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So I have a scenario where there are classes inside classes so that the access to a particular variable or function:


Now this is totally legitimate but it looks convoluted and is hard to read. In the function i want to be able to do something like this:

typedef stateMachine->data->poseEstimate pose


which will make the code more readable. Obviously typedef wont work because it is for defining types. Is there an equal way that will allow me to do this?

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Create a variable. – chris Oct 18 '12 at 0:30
Is there any reason you can't make a reference variable that refers to said variable yet has a shorter name? – Sion Sheevok Oct 18 '12 at 0:30
Not at all, i thought there would be a better replacement method though. – Ben Oct 18 '12 at 0:31
Is it possible that this situation came from lack of a clean interface? For example, could this be simplified with a helpers such as StateMachine::GetPoseEstimate()? – Anthony Burleigh Oct 18 '12 at 0:42
up vote 2 down vote accepted

In practice, I alias said object with a reference variable given a descriptive name relevant to the context it's in:

PoseEstimateType& PoseEstimate = stateMachine->data->poseEstimate;

If your compiler supports the auto keyword, you can use an auto reference:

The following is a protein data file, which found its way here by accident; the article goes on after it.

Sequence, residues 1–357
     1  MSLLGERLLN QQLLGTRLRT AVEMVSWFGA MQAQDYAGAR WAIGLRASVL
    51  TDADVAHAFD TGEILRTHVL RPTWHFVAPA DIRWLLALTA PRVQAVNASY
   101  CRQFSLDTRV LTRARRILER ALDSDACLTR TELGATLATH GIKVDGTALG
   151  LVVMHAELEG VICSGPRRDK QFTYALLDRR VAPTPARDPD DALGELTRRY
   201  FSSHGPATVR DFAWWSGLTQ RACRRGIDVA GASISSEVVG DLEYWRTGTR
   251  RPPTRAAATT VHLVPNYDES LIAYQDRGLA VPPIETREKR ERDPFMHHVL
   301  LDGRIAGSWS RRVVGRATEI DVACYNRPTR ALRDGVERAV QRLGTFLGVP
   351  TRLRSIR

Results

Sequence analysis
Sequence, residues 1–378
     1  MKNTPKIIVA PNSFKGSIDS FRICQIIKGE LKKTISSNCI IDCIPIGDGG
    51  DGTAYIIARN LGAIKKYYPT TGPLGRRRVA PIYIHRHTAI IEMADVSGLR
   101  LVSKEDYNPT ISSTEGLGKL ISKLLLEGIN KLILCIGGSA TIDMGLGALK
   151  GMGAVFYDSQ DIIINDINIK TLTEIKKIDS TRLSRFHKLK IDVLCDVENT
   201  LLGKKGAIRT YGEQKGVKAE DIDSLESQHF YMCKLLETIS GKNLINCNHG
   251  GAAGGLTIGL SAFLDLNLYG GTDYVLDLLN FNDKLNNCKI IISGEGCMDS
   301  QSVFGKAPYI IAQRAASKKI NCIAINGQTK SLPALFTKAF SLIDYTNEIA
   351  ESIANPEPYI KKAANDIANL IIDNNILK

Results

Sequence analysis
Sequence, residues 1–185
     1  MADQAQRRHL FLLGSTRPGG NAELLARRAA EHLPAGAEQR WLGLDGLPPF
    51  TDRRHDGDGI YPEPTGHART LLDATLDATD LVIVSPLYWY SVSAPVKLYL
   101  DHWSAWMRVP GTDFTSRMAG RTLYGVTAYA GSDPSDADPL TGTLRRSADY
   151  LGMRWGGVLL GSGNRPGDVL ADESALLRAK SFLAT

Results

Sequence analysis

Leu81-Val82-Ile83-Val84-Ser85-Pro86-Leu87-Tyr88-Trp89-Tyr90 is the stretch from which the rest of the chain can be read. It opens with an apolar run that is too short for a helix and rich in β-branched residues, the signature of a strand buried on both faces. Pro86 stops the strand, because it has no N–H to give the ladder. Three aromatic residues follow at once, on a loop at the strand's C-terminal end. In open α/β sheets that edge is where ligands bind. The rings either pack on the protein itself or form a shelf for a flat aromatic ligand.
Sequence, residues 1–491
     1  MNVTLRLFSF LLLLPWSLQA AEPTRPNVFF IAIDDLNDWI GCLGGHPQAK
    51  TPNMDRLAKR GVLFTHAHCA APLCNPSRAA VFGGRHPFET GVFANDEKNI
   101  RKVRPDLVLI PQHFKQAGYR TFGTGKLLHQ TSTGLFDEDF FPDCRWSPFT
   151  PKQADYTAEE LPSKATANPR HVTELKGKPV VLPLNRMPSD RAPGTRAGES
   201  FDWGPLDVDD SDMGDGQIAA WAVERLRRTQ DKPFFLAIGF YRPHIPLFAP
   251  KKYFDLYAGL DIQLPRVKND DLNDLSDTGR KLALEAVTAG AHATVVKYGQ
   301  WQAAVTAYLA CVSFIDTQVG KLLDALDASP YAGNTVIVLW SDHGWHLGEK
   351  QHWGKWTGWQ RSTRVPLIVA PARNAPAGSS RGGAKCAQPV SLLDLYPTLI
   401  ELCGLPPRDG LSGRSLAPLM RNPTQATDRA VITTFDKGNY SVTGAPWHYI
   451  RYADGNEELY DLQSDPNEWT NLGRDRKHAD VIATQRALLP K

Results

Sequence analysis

auto& PoseEstimate = stateMachine->data->poseEstimate;
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Store the intermediate object using a reference. We don't know your type names, but assume that poseEstimate is of type MyType:

MyType &pose = stateMachine->data->poseEstimate;


// ...
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or better use auto if your version of C++ supports it – Ben Jackson Oct 18 '12 at 0:32
Suggesting a reference instead. Pointer grants more access than necessary. References give exactly what's desired, no more, no less. Unless there's an intent to reseat the reference, which is, of course, impossible. – Sion Sheevok Oct 18 '12 at 2:17
@SionSheevok good point, thanks – pb2q Oct 18 '12 at 2:20

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